Modern Patriotic Star Quilt

Hey Sewists!  I cannot believe how quickly summer is going by.  I blinked and we are all of a sudden near the end of August.  I thought I should get around to sharing the quilt I made for the 4th of July before Halloween comes around.  I am pretty proud to share this one.  I have made two other quilt tops and am still hand quilting the double ring wedding quilt I started years ago, but this is my first completely finished quilt.  I even quilted it on my home machine myself! Talk about challenging a small basic machine.

I had been wanting to make a 4th of July quilt for a few years now.  There are so many quilts pinned to my 4th of July board for inspiration that I had a hard time narrowing down what I wanted.  The only thing I knew was that I didn’t want to make a literal interpretation of the flag.  I also did not want any prints that were in the Independence Day-themed section.  No, fireworks, stars, or eagle prints period.  I wanted a modern quilt full of fun patterns and vibrant reds and blues. I added in the turquoise as a way to pop with the reds.  I really tried to pick prints that went well with the others without singling anyone out as being different.  I think that I achieved that.  I really love every single print I picked out and I think that is why it took me so long to collect them all before starting.  It was totally worth taking that time too!

I settled on making a variation of this July Star Blocks Quilt from Cluck Cluck Sew.  I opted to make the star out of different white on white cotton prints surrounded by random other prints.  I also alternated my star blocks with a basic 9 patch block.  I like the overall look with how the white stars pop out from the craziness of the reds and blues. The finished quilt size is slightly bigger than a twin size with the measurements of 75″ x 95″.  It is the perfect size to throw on the ground for Eric and I to stretch out and watch the fireworks display. It is also big enough that we could put it on both of our laps if we are sitting in chairs too.

I started collecting fabrics in 2016 that fit the aesthetic I was hoping for even though I didn’t know what design I was going with.  It was when a local Jo-Ann’s was closing, so I was able to get so many pieces of fabric for a super low price.  By super low I mean, I was able to get my fabrics for $1.50-$2.50 a yard! I ended up using 11 different prints from what I bought in 2016.  I added 24 new prints, including the white on whites, and 2 others that have been in the stash since 2008.  Total wise, I used  11.25 yards of fabric for the top.   I also used 4 yards of the Warm & Natural Cotton Batting that was also purchased during the closing sale for $4.25 a yard ($17.00 total).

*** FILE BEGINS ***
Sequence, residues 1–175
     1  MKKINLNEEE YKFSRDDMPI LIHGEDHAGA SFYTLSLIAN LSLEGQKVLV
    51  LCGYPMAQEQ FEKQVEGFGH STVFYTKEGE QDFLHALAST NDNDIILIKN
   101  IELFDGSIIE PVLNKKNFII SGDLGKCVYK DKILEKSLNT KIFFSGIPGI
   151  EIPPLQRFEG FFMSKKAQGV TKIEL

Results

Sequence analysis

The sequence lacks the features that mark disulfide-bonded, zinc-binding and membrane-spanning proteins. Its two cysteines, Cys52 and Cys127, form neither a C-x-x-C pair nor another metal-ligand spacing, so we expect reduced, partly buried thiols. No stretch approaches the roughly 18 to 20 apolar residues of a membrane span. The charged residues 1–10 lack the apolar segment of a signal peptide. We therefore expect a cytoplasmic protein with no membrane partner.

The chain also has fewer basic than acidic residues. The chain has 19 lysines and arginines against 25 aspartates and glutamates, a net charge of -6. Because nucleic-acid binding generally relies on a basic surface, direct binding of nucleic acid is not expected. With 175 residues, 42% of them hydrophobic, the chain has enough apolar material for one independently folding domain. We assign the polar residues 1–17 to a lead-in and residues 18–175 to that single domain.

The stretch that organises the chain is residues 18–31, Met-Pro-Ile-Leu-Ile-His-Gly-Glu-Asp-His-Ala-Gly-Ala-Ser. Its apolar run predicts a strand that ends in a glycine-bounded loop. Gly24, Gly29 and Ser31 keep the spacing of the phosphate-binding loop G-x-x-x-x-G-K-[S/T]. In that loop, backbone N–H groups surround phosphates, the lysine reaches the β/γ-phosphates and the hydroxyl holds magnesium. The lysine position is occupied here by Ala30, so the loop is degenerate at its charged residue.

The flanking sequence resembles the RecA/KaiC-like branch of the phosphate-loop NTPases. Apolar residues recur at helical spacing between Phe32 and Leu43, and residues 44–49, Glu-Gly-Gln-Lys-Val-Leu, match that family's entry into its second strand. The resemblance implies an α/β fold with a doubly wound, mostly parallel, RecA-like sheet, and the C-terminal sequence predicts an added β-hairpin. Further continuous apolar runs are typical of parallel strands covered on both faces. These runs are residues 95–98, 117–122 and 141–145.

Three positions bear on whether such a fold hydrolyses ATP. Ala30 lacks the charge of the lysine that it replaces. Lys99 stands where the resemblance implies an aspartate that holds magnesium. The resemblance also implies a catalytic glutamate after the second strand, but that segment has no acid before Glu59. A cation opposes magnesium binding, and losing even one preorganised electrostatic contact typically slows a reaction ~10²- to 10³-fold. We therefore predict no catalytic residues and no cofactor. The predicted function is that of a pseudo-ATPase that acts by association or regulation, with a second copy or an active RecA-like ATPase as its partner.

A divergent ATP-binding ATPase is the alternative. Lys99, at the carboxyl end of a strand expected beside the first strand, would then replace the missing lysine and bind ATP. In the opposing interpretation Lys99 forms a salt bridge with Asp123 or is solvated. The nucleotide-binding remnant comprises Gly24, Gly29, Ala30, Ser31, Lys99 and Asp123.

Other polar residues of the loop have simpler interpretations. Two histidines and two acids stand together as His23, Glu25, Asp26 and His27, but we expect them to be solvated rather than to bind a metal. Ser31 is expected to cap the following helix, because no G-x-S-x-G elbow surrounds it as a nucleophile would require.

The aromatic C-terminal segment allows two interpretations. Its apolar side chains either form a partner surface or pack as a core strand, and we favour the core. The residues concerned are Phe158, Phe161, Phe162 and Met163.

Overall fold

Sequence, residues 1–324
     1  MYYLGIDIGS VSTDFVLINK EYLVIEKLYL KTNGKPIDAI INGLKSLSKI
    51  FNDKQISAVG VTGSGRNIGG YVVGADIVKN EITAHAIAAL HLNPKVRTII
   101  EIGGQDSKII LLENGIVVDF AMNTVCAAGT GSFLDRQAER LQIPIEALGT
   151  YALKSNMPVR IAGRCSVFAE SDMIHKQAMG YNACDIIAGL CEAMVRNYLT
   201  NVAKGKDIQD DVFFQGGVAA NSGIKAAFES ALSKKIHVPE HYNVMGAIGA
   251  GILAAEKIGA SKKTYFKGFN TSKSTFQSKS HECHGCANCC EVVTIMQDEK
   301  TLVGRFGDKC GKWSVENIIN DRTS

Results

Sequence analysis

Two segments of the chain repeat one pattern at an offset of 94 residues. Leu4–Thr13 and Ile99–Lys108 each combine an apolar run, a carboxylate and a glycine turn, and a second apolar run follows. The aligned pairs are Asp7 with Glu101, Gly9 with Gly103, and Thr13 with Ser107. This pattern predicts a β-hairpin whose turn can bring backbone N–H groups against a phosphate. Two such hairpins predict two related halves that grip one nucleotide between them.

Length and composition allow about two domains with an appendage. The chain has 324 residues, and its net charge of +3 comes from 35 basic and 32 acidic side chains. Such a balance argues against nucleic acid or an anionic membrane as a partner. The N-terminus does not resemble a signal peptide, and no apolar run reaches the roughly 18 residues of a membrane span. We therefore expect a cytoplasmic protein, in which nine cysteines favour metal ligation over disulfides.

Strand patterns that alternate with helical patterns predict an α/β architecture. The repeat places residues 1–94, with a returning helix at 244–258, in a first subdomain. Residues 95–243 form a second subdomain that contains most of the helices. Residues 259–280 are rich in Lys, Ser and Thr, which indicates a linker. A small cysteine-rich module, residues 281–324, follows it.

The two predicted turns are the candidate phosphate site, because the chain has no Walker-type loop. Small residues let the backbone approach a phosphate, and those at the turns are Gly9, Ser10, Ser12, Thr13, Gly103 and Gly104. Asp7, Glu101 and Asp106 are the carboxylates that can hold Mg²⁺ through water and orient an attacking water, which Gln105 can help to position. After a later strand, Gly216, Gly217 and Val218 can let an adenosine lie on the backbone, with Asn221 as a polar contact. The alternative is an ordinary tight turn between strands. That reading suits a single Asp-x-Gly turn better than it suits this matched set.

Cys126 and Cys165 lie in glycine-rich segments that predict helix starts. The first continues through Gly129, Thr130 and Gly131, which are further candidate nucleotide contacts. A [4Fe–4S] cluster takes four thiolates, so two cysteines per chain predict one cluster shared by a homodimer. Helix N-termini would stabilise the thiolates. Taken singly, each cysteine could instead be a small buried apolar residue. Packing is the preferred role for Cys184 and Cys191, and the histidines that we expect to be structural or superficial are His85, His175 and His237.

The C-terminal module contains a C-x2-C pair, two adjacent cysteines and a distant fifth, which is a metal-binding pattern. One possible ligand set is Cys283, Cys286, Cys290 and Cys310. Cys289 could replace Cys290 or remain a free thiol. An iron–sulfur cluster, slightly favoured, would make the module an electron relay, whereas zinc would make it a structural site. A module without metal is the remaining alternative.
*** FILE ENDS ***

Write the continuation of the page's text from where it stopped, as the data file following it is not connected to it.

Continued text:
I love the overall look of the quilting pattern I went with. It has a window pane kind of feel that really stands out from the back. Speaking of backing, I used 4.5 yards of a dark indigo denim chambray.  I picked it up back in 2016 from the same Jo-Ann’s closing sale as I got some of the front fabrics from.  I got a great deal on it at $3.09 a yard for a total of $13.91.  Originally, I had wanted to patch denim from old jeans together to make the backing.  I ended up not having enough old denim to repurpose for this quilt, so I will save it up for another one down the line.

Overall,  I used 19.75 yards of fabric for a total fabric cost of $85.87, which doesn’t even include the thread costs.  I went through three brand new spools, and three partial spools.  So much thread!  This qualifies as one of the more expensive projects I have made.  I am glad I quilted it myself because that would have added another $150-$200 if I had taken somewhere to be done.  I think straight lines is probably the limit of my machine quilting capabilities.  Anything more detailed I will have to take in to be done.

I pushed myself outside of my box of garment sewing to make this and it worked.  It was so incredibly easy compared to garment sewing since it is all straight lines.  Don’t get me wrong, what it lacked in difficulty it more than made up for in how time-consuming it actually was. Quilts are not the instant gratification projects that a lot of garment sewing can be. Every tiny 1/4″ seam was pressed open before I could stitch anything else to it.  I am so incredibly proud of this quilt.  It turned out exactly how I had envisioned it once I started.  I have already started thinking about what kind of quilts I want to make in the near future.  I think I might have a new obsession with this.

Have you tried quilting? What did you like about it?  Or what didn’t you like?

 

 

 

 

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